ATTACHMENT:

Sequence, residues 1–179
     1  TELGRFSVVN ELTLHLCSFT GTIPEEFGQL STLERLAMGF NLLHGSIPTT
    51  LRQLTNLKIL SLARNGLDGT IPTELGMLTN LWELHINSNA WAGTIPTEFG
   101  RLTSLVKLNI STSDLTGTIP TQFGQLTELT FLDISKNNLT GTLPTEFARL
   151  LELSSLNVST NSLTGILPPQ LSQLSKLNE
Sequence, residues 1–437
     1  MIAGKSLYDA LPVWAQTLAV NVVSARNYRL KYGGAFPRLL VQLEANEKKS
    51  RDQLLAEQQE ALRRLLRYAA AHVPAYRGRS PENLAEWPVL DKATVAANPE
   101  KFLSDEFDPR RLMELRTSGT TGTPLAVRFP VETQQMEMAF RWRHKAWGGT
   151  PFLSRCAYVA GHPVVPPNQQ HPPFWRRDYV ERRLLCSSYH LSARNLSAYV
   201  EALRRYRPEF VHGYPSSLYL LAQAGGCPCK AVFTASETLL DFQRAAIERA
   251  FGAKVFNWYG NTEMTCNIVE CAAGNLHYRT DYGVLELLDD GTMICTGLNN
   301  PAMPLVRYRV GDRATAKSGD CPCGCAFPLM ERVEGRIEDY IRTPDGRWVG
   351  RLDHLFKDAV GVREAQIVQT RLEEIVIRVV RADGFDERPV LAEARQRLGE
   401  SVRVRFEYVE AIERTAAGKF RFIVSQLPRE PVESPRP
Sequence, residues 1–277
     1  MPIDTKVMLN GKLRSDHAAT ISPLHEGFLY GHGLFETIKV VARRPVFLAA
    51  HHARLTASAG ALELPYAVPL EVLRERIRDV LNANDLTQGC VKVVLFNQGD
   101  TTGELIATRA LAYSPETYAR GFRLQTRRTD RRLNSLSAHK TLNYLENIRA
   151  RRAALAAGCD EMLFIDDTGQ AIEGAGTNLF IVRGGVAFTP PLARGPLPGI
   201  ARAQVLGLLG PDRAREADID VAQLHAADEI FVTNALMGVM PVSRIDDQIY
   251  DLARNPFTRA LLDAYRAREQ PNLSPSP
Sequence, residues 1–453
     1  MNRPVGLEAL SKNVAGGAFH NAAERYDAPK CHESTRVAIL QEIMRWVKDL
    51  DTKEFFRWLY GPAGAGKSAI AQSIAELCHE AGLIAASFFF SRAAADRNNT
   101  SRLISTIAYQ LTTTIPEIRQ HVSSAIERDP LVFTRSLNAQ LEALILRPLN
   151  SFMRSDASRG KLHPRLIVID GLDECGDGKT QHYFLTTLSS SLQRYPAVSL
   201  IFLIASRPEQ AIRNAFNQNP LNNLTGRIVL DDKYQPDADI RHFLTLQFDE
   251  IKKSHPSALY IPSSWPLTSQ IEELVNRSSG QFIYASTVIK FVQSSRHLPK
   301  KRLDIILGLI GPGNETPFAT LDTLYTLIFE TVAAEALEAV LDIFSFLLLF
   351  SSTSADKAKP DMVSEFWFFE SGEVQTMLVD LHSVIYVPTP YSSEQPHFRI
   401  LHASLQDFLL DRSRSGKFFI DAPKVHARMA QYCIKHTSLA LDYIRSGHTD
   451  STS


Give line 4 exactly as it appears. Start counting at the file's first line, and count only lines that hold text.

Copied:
   101  RLTSLVKLNI STSDLTGTIP TQFGQLTELT FLDISKNNLT GTLPTEFARL